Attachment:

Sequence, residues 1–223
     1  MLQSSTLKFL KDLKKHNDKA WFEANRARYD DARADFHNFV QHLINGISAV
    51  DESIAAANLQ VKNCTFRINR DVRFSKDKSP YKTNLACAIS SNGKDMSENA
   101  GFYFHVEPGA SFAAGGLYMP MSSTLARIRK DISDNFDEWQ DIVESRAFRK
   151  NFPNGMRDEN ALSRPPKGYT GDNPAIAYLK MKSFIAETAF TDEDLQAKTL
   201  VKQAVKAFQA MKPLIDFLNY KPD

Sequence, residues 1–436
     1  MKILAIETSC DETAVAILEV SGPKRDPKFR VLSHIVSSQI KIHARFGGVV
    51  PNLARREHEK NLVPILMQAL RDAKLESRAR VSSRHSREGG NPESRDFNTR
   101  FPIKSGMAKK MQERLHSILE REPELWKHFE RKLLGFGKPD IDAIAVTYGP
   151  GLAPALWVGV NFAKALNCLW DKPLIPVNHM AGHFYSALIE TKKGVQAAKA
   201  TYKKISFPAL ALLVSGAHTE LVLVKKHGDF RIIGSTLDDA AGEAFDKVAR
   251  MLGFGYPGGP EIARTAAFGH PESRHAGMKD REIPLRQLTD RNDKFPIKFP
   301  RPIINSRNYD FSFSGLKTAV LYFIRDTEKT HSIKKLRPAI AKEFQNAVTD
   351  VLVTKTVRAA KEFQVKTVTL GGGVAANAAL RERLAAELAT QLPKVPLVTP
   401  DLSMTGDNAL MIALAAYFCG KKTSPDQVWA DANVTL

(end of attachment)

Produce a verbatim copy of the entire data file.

Sequence, residues 1–223
     1  MLQSSTLKFL KDLKKHNDKA WFEANRARYD DARADFHNFV QHLINGISAV
    51  DESIAAANLQ VKNCTFRINR DVRFSKDKSP YKTNLACAIS SNGKDMSENA
   101  GFYFHVEPGA SFAAGGLYMP MSSTLARIRK DISDNFDEWQ DIVESRAFRK
   151  NFPNGMRDEN ALSRPPKGYT GDNPAIAYLK MKSFIAETAF TDEDLQAKTL
   201  VKQAVKAFQA MKPLIDFLNY KPD

Sequence, residues 1–436
     1  MKILAIETSC DETAVAILEV SGPKRDPKFR VLSHIVSSQI KIHARFGGVV
    51  PNLARREHEK NLVPILMQAL RDAKLESRAR VSSRHSREGG NPESRDFNTR
   101  FPIKSGMAKK MQERLHSILE REPELWKHFE RKLLGFGKPD IDAIAVTYGP
   151  GLAPALWVGV NFAKALNCLW DKPLIPVNHM AGHFYSALIE TKKGVQAAKA
   201  TYKKISFPAL ALLVSGAHTE LVLVKKHGDF RIIGSTLDDA AGEAFDKVAR
   251  MLGFGYPGGP EIARTAAFGH PESRHAGMKD REIPLRQLTD RNDKFPIKFP
   301  RPIINSRNYD FSFSGLKTAV LYFIRDTEKT HSIKKLRPAI AKEFQNAVTD
   351  VLVTKTVRAA KEFQVKTVTL GGGVAANAAL RERLAAELAT QLPKVPLVTP
   401  DLSMTGDNAL MIALAAYFCG KKTSPDQVWA DANVTL